I’m just starting to get caught up on all of the podcasts I missed when I was on vacation. A couple weeks ago, the guys over at EdTechTalk hosted LibraryFest, a webcast on the role of libraries and librarians in 21st century schools. Their primary guest was Joyce Valenza, a dynamic, forward-thinking, technology-focused school librarian from the Philadelphia area.
The discussion is online, along with the related chat. If you’re not familiar with EdTechTalk, they host a weekly audio discussion online about educational technology. People participate by using Skype. At the same time, a text chat is taking place, where listeners and participants can share reactions, resources, and related information about the primary discussion. It’s the perfect medium for the multitasker. If you’re listenting to the program after-the-fact (like I do), you can read the text chat transcript to get the links and related information.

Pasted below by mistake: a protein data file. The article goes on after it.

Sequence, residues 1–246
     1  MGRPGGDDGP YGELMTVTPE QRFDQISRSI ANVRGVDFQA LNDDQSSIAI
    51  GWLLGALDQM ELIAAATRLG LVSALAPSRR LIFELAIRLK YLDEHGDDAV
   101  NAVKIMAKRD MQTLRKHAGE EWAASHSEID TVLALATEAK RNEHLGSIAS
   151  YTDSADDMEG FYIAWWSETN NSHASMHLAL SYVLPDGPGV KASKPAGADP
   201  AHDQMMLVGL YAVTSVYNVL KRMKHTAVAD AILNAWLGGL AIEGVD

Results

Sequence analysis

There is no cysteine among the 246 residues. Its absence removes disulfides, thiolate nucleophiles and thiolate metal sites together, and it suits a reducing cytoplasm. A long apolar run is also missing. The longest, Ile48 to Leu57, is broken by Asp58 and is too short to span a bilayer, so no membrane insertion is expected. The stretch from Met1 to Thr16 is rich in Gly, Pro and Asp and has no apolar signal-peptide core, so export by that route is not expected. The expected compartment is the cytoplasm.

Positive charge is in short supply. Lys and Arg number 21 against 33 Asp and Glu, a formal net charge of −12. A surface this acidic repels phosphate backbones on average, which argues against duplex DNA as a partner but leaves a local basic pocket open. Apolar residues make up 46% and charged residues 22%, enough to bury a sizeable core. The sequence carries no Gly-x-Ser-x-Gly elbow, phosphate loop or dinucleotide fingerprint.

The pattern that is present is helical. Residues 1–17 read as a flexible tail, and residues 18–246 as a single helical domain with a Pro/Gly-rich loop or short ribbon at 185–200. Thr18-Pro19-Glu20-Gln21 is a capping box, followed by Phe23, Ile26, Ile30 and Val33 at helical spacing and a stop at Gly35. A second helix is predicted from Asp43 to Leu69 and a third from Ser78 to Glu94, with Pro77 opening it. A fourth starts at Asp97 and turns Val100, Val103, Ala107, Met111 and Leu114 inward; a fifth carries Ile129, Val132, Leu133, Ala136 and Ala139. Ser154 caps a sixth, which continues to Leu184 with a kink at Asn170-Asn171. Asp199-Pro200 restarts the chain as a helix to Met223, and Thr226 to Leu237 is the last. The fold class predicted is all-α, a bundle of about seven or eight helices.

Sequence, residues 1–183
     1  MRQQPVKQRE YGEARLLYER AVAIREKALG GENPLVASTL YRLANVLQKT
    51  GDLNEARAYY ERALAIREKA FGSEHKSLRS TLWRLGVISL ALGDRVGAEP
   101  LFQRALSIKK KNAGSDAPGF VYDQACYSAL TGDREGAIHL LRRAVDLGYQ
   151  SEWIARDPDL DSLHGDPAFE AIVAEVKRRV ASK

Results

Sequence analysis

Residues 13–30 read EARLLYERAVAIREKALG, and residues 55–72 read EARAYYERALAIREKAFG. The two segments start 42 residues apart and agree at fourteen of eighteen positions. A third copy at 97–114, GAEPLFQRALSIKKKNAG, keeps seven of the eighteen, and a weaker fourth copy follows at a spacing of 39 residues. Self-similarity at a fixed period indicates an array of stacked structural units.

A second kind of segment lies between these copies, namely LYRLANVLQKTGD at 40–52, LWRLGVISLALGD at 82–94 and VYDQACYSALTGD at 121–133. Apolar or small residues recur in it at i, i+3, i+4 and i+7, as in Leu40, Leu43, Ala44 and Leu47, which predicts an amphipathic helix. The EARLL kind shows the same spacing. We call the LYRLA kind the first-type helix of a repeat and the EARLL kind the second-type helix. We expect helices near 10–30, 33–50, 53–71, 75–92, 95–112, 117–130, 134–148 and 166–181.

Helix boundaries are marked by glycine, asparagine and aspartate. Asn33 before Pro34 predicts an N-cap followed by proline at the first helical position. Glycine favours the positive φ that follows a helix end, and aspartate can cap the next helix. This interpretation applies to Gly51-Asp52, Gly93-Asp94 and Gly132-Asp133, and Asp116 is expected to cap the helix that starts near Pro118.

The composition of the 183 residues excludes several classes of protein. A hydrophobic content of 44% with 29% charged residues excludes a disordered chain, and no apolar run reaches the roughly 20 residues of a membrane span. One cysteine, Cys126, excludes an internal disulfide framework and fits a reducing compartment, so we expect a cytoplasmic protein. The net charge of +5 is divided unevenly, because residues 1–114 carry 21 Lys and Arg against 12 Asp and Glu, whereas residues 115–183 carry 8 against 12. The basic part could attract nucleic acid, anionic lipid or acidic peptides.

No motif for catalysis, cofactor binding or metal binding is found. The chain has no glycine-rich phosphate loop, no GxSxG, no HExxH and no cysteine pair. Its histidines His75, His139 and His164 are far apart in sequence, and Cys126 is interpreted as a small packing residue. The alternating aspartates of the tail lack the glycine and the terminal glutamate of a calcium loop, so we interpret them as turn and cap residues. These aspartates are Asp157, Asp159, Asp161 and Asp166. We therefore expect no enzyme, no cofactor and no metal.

Among the many things discussed, Joyce contends:
- Audio books can actually motivate students to do more reading.
- There’s no “best” search tool.
- Students need media resources 24/7.
- Students need challenging projects that ask them to analyze, compare, synthesize, and draw conclusions.
- TurnItIn and citation generators can be used to teach students how to write original work instead of simply policing plagiarism.
- Schools have to be consistent about fair use and copyright law. Looking the other way with a wink and a smile doesn’t cut it.
- Subscription databases are an information goldmine.
- Blogs are the ultimate primary source. If you want to know what’s really happeneing in Iraq, read a soldier’s blog.
- Google works best when asking very focused questions. “Which 20th century president did the most to promote civil rights?” is a hard question to answer with Google.
- Researchers have to use multiple sources and compare and validate information.
As we continue to examine the role of media centers and librarians in our schools, this episode really helps hit the high points of how school libraries can continue to be the centers of our learning communities. If nothing else, it’s definitely worth investing an hour to listen to the program.